This township on the outskirts of Detroit shares a name with a port city in southern China. (Although today, Canton in China is officially known as Guangzhou; the name Canton originally came from a European mistranslation of the city’s name.) How did this Michigan town end up with the same name as somewhere nearly 8,000 miles away?
As the U.S. began to increase its trade abroad in the 18th and 19th centuries, a fascination with China emerged, and many Chinese people emigrated to the Americas in search of work. Around the same time, the U.S. Post Office in Washington, D.C., swamped with a series of new towns sharing the same name, decreed that new townships couldn’t take the name of existing places in America.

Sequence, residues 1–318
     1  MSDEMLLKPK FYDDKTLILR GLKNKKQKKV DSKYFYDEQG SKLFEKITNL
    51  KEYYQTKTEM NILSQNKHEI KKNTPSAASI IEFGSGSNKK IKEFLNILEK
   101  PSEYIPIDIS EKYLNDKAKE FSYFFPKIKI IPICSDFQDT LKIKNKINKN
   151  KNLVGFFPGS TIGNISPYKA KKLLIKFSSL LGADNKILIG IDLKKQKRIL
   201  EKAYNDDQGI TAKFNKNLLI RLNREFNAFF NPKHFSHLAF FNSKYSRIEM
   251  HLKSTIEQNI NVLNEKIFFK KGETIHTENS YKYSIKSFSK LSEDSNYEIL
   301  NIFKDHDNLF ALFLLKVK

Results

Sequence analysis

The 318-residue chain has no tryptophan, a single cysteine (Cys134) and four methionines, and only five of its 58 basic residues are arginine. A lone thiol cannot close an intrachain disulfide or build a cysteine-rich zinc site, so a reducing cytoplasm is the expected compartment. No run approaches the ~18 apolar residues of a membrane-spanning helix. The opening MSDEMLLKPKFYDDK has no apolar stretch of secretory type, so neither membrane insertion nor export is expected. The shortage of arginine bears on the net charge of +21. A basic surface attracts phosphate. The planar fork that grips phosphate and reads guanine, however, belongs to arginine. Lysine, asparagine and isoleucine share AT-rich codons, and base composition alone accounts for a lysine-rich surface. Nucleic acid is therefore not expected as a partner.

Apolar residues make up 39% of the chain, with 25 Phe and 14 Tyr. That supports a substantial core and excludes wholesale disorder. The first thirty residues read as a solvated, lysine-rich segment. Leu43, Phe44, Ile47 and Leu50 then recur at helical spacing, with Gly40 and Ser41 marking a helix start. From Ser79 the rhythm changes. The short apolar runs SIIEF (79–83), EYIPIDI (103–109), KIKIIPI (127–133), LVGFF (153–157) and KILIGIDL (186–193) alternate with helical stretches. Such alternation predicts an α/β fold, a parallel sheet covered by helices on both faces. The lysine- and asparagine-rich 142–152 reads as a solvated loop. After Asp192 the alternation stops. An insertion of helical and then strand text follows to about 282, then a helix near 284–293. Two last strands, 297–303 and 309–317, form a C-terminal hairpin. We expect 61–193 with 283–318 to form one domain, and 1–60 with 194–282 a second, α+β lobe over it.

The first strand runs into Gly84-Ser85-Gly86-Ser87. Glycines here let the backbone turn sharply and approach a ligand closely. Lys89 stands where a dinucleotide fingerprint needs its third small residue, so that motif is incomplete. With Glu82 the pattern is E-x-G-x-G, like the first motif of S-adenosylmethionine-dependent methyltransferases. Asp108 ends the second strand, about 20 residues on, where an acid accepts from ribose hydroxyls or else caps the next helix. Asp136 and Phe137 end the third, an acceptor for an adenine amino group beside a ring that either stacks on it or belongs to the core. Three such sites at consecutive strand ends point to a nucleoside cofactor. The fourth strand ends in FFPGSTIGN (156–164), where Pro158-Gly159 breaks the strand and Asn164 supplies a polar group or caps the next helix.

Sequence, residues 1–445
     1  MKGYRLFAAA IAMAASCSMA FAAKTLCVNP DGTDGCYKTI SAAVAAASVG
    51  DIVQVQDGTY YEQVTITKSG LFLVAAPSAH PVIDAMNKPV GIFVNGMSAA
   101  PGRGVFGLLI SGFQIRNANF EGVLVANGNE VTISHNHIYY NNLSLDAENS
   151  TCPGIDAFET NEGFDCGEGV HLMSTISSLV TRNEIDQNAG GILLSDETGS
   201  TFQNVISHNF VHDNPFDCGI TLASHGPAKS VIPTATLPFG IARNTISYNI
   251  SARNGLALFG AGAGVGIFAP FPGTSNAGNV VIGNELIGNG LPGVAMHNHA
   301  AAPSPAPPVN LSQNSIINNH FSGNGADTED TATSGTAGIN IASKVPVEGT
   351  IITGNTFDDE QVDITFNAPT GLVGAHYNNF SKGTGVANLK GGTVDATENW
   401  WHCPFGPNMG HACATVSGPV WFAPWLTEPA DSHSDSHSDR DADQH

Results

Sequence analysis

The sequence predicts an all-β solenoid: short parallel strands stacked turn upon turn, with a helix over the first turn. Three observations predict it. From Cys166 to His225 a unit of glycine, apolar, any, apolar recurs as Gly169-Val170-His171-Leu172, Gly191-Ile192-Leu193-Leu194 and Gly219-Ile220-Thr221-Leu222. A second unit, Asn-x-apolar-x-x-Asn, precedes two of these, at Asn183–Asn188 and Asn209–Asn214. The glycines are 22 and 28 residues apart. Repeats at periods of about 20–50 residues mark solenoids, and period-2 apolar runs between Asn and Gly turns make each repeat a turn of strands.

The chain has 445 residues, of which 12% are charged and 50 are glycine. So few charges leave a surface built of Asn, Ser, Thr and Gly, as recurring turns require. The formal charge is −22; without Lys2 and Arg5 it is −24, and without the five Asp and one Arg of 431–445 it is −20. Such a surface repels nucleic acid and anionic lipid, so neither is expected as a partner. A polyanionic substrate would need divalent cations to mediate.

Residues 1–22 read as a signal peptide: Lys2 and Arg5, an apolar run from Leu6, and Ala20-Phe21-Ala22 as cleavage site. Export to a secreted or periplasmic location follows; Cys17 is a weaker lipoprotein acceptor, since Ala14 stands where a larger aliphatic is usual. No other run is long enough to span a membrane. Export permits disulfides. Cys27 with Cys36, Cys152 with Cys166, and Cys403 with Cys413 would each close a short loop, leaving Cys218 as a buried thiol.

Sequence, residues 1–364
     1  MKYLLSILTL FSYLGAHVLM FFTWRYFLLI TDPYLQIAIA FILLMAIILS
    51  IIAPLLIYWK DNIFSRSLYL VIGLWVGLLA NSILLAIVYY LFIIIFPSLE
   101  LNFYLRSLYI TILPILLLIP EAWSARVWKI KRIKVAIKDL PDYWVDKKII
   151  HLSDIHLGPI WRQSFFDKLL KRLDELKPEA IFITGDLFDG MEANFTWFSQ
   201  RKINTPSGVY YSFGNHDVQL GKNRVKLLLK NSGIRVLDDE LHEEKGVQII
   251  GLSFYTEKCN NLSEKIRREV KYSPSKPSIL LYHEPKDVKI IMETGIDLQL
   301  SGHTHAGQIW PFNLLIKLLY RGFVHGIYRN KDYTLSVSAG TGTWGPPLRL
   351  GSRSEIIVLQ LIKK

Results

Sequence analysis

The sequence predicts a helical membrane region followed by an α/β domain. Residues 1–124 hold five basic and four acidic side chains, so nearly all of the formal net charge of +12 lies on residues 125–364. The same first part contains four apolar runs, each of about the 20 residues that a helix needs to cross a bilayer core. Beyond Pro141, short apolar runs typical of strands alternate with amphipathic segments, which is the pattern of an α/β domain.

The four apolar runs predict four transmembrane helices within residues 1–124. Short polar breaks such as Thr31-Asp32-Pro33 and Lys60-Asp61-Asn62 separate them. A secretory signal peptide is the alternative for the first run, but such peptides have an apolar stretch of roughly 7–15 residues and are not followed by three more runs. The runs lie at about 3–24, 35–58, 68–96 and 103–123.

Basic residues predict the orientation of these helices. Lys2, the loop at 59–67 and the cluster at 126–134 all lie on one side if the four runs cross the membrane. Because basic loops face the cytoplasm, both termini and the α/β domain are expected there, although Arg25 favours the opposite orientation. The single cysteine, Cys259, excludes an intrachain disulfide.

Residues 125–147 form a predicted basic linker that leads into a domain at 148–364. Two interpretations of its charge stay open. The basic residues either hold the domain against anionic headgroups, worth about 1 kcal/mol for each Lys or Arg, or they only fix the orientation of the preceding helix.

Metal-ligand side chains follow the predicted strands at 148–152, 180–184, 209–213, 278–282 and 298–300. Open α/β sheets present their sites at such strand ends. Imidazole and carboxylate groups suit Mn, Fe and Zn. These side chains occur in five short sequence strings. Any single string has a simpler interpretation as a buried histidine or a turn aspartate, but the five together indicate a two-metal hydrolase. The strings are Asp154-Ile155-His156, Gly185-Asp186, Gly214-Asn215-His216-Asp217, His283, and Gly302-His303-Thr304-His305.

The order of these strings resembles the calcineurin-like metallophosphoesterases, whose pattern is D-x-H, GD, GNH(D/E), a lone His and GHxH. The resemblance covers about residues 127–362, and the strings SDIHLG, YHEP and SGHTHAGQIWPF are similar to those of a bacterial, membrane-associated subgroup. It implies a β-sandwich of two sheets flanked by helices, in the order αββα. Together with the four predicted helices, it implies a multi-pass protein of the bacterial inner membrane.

The settlers in this part of Michigan saw a winning opportunity. In 1834, they called their area “Canton,” and two nearby townships followed suit, opting for Nankin and Peking. However, Canton is the only one that kept its Chinese-inspired name.
The folks who named Oxford, Mississippi, were nothing if not optimistic about their town’s future when it was incorporated in 1837. Resident T. D. Isom suggested naming it after Oxford, England, in the hopes that his hometown would have a prestigious college one day. Four years later, the Mississippi legislature voted to make Oxford, Mississippi, the home of the state’s first university, by a margin of just one vote.